A common theme throughout the presentation was the fact that these conversations need to happen more. Although there has been growth and improvement surrounding mental health in sports, there’s still a lot of stigma. What’s most important is that we treat our athletes as humans, have these discussions, and honor their emotions. Charlie Health offers an athlete support group every first Tuesday of the month. Reach out now for more information on how you can support athletes and continue the conversation. 


Who do you believe is the most effective person to have this conversation with the athlete?

“It’s a conversation that anybody within the sport can have. A therapist, a mental wellness professional that the athlete trusts and is willing to open up to. One of the things I struggled with was that no one wanted to tell me the truth. We need to start having real conversations.” -Nosa Eguae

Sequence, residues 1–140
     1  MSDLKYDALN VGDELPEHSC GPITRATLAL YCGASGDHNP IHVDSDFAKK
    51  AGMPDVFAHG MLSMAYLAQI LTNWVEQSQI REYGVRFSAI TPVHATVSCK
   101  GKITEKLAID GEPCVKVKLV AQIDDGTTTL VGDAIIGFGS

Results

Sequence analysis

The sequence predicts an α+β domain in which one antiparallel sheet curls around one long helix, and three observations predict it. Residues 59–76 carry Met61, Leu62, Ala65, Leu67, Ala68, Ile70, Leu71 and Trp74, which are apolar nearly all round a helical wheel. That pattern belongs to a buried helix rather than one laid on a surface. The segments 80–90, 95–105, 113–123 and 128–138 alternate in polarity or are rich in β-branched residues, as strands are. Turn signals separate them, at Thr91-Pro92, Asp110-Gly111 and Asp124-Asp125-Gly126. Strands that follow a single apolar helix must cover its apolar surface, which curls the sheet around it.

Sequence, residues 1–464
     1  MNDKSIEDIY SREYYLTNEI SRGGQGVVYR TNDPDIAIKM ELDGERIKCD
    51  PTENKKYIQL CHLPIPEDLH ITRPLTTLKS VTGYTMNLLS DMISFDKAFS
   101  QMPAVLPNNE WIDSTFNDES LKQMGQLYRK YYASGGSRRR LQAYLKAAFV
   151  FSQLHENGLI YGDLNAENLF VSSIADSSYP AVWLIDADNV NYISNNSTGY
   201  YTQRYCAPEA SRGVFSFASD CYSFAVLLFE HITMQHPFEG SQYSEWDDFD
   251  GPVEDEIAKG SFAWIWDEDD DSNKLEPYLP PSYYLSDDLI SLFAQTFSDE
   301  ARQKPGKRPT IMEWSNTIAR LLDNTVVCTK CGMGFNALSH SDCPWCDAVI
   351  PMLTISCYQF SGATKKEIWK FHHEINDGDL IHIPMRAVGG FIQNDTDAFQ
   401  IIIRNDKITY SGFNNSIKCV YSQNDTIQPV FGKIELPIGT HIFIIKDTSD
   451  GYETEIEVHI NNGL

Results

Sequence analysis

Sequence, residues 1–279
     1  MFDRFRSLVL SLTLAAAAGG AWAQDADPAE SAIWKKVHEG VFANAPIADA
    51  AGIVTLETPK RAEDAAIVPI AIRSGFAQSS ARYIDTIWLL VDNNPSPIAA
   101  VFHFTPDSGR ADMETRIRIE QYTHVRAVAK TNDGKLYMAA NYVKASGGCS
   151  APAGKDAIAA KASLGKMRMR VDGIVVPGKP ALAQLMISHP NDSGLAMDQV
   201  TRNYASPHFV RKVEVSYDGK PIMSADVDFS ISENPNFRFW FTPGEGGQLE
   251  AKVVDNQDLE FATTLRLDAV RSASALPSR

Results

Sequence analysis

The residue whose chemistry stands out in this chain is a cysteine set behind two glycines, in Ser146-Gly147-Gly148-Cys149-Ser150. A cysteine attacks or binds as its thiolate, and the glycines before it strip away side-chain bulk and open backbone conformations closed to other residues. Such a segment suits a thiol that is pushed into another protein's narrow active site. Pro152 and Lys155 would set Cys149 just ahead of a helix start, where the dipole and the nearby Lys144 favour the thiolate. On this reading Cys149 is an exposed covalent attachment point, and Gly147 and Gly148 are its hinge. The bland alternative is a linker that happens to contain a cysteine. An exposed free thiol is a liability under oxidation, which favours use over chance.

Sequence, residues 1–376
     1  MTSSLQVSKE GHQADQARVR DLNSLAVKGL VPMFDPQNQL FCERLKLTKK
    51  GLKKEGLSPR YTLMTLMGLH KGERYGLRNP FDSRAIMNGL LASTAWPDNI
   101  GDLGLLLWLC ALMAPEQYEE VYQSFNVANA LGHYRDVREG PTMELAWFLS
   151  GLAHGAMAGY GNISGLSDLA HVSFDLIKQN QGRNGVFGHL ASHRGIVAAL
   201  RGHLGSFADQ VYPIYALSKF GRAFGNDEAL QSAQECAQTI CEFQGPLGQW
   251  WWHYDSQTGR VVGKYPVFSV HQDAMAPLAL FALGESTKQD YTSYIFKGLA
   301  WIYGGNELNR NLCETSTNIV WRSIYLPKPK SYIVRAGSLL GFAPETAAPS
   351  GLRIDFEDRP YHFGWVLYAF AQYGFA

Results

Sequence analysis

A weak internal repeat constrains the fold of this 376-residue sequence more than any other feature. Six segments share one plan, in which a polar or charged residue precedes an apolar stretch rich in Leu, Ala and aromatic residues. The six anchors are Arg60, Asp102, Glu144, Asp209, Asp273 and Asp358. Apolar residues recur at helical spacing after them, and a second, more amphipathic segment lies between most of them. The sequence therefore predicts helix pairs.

For parents with young children in sports with no experience in mental health, how can they help their children in this situation? 

“My advice for these moments when working with a parent that has a kid who’s showing some defiance or mental health indicators is patience. Check in with them. Let go of that expectation of performance because what it should be is a moment of connection.” -Spencer Kilpatrick

When do we start having conversations with parents about children’s mental health?

“Most coaches are going to have the parent conversation at the beginning of the season. We also need to say, what would you like to do if we know that your athlete is struggling? Or, if someone in your family is struggling? I think we need to be able to rely on folks in our sports environments to be able to start having those conversations.” -Dr. Skye Arthur-Benning

Student athlete care at Charlie Health

Whether you’re a student athlete or have a loved one who is playing sports and struggling with mental health: you are not alone. Charlie Health’s proram is designed for youngs people who need more support than weekly therapy but also need the flexibility of a virtual program. From major depression, anxiety and panic disorders, to self-harm, our virtual IOP offers solutions for student-athletes in need of a higher level of care. Get started with our online form today. ,